Health Data theft: Red Alert!

Health data and electronic records thefts: booming cybercrime!

 

The security of personal health data is quintessentially the growth challenge of any health information system. With digitization reaching full-fledge stage and linking all parts of the health systems, risks commensurate with the fragility and limitations of IT-intensive information systems appear, leading to malevolent thefts of data.

 

Your Decide Hub informed you of such attempts to steal massive amounts of health data, electronic health records or to bring disruption to health data management systems (click here for our blog entry “Healthcare: a cyber battlefield of choice?” published earlier in February 2021).

 

The French umbrella organization overseeing hospitals in the Paris recently admitted that data pertaining to approximately 1.4 million people were stolen when stored on a temporary shared platform used by the National health insurance Fund and the health authorities.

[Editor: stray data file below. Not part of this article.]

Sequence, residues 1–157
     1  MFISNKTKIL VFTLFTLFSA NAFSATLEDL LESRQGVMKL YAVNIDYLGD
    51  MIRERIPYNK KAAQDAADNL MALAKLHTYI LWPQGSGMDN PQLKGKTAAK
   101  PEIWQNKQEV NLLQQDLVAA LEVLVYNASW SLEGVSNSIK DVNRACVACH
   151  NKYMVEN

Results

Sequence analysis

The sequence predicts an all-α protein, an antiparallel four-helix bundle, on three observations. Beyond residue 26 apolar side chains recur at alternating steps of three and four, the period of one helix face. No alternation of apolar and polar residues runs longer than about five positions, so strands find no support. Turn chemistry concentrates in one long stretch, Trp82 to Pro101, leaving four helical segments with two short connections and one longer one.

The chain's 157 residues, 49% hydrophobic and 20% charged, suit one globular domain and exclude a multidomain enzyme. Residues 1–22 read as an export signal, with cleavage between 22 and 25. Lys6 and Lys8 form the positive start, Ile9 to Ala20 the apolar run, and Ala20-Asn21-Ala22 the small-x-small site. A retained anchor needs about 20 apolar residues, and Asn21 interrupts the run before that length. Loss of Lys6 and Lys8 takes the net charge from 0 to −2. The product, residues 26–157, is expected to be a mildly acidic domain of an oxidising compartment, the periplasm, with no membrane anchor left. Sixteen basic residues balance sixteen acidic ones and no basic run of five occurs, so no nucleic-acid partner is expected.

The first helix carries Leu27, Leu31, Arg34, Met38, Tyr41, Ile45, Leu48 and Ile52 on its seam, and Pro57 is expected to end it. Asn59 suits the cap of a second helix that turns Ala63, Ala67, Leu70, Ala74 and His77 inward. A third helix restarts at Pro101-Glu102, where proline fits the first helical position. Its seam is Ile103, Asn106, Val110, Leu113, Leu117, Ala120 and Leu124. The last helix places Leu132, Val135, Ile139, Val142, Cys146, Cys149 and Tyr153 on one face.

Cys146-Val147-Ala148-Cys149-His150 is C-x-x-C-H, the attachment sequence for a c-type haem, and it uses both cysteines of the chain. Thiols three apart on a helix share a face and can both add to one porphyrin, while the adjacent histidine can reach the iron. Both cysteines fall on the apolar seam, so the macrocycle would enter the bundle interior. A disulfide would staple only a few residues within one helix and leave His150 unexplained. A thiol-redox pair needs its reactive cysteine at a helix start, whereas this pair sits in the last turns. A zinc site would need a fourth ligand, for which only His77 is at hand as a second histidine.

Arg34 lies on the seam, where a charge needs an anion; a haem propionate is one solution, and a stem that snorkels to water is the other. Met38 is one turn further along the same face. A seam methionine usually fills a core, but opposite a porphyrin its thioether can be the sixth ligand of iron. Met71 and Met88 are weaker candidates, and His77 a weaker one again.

A platform used for COVID-19 tests, it clearly offered a weak point of entry into the health information system and led health authorities to look into the necessary strengthening of their digital tools (click here to read more – article in French).

 

In addition, a new cybercrime hit the United Kingdom this week with an incredible impact, with millions of health data unveiled on the dark web. What happened exactly?

 

Highly sensitive medical records including details of abortions, HIV tests and mental health issues have been leaked online after a major cyber attack.

 

Russian hackers targeted Stor-A-File, a British data storage company whose clients include GP practices, NHS hospital trusts, local councils, law firms and accountants.

 

The gang demanded a £3million ransom in Bitcoin cryptocurrency, but when Stor-A-File refused, the hackers dumped tens of thousands of files on to the ‘dark web’, a secretive part of the internet used by criminals and terrorists.

 

Given the scope of the theft (which overlapped with confidential MoD related data), national crime agencies and other law enforcement and intelligence agencies are tracking the group of hackers which call themselves “Clop” or “Fancycat” and is suspected of large-scales operations.

 

To read more about this: click here.

 

The concern remains that the confidentiality of personal information, in particular health data, cannot be guaranteed and offers vulnerability to malevolent outsiders. One is reminded of the old meme underlining “there is no cloud. It is just someone else’s computer”.

 

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